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Page 13 text:
Cforewoni IT IS OUR SINCERE HOPE That YOU WILL FIND A TRUE CAMPUS REPRESENTATION IN THESE PAGES; Also That THERE IS SOMETHING OF THE NOVEL, SOMETHING OF THE AMUSING TO AROUSE YOUR COMMENDATION Capt. H. M. Shreve landed on icest bank of Red River in 1836— A memorable act Our present monuments of industry were then nothing but trees and fields ' -l®Ss=
Page 14 text:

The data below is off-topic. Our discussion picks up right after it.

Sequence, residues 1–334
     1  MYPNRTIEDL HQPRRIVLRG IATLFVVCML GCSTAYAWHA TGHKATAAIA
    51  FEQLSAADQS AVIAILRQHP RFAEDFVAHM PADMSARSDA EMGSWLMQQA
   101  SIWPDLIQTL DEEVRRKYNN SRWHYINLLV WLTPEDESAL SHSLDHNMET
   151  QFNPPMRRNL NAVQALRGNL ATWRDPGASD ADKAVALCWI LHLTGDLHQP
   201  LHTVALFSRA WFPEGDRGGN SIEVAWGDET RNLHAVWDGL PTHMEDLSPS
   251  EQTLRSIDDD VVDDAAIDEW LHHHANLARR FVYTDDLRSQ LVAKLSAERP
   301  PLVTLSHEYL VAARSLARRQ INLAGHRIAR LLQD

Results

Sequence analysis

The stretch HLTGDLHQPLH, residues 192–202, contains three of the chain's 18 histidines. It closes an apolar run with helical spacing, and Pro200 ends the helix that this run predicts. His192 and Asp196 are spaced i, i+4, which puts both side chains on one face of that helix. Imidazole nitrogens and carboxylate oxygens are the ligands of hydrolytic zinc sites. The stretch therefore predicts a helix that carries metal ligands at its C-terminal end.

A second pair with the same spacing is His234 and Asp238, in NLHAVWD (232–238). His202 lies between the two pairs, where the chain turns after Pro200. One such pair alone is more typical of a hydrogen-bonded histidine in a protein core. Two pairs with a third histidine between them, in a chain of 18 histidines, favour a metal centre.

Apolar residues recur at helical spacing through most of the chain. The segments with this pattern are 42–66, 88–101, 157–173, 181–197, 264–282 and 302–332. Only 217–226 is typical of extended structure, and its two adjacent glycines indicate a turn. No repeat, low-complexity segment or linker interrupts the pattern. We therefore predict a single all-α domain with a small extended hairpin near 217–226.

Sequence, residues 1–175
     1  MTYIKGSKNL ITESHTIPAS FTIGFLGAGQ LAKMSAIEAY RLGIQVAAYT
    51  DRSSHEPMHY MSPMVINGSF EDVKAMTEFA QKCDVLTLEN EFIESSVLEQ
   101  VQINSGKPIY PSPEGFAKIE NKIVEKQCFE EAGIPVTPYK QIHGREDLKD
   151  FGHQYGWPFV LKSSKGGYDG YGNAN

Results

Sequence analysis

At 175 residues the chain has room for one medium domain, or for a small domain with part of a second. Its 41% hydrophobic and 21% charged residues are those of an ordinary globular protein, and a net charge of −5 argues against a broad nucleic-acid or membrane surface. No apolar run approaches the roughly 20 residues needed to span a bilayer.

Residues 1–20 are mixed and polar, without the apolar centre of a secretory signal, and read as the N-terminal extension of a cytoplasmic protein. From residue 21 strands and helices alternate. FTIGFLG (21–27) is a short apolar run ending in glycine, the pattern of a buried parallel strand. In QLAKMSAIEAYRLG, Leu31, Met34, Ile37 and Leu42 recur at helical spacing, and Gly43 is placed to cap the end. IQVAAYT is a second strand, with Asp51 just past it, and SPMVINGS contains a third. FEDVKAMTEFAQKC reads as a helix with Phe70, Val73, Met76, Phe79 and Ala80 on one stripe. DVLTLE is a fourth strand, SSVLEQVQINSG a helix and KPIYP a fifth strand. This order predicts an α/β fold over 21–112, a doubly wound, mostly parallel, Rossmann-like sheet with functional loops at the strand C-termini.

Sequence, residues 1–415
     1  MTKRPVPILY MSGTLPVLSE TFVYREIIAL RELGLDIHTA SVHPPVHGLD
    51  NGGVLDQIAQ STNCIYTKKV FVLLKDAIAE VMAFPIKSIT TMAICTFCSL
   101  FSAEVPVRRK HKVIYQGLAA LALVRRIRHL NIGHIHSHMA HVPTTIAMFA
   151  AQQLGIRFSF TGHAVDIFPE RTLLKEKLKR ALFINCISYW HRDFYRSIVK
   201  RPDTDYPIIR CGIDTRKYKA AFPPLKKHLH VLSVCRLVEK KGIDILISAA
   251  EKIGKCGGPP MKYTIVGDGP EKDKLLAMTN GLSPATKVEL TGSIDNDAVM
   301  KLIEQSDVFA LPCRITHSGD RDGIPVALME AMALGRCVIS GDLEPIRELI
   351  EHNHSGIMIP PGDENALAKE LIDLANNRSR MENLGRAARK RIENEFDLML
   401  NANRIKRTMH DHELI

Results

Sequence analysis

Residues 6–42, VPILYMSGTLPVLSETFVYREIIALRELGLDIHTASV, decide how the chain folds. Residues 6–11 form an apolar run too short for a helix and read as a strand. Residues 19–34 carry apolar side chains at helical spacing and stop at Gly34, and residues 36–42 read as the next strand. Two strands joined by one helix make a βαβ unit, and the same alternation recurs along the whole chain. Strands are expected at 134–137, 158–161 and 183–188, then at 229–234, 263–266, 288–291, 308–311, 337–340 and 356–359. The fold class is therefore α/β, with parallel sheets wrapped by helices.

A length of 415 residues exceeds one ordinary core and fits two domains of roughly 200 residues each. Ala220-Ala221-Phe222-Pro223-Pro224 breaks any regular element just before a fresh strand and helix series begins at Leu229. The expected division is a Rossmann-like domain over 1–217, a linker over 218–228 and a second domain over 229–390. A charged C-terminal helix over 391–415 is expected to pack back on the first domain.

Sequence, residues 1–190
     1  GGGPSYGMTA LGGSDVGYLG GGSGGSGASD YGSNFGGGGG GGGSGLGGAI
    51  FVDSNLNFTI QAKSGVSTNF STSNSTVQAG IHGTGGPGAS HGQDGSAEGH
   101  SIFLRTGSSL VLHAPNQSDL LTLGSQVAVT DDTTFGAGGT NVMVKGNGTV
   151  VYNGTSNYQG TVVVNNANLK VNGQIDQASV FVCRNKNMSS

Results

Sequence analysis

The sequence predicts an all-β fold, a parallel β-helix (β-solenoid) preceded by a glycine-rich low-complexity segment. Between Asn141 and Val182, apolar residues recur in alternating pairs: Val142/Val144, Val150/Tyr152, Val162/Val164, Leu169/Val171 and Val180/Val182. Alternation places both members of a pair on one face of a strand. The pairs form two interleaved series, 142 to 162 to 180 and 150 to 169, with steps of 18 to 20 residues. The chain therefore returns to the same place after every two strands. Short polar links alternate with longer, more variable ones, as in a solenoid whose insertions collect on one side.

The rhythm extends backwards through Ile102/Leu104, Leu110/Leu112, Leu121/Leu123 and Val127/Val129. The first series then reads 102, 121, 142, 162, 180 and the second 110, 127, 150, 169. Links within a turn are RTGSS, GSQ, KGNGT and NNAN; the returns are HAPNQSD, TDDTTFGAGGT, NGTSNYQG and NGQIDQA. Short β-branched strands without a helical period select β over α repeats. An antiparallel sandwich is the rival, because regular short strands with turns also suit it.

was, in reality, only a spot on the bank of Red River. The Caddo Indians, in that year, ceded their land to the United States government. These Indians reserved for their friend and interpreter, Larkin Edwards, a section where our city now stands. The same year Edwards sold the tract, about one square mile, to Angus McNeil, for $5000. A single log hut, probably a trading-post, marked the location of the future city. Six men, among whom was Henry Miller Shreve, formed with McNeil the Shreve Town Company. Captain Shreve, the guiding spirit of the new town ' s destiny for the next few years, was a native of New Jersey. Early in his career he moved to the West, where he carried on a very profitable fur trade. The Missis- sippi boating life called him and he was the first man to operate a steam- boat upon the river. The Red River interested Captain Shreve so he asked from Congress an appropriation to remove the snags from the river-bed. It was while engaged in this work that he became interested in the future of the Red River Valley, and helped form the colonization company that bore his name. The members of Shreve Town Company pledged to each build a home. Streets were laid off on the river bank and the trading-post grew to a frontier town. So near the Texas border, it partook of the Western atmos- phere and freedom. The names of some of the streets, Travis and Crockett, reflect the Texan influence. In 1839 a charter was granted to Shreve ' s Landing, with John O. Sewall as first mayor. A few months after the founding of Shreve ' s Landing, a rival trading company established headquarters about three miles down the river at a point called Coats ' Bluff. Rivalry grew so bitter between the two out- posts, that Captain Shreve manned his snag-boat " Eradicator " one Sunday morning in 1837 and cut a ditch a few hundred yards long across the base of the point on which Coats ' Bluff was located. The river did the rest and the unfortunate town was left on dry land. Old documents tell us that Bishop Leonidas Polk held the first relig- ious services in Shreve ' s Landing in March, 1839. On his return in 1841, he found that not another service had been held during his two years
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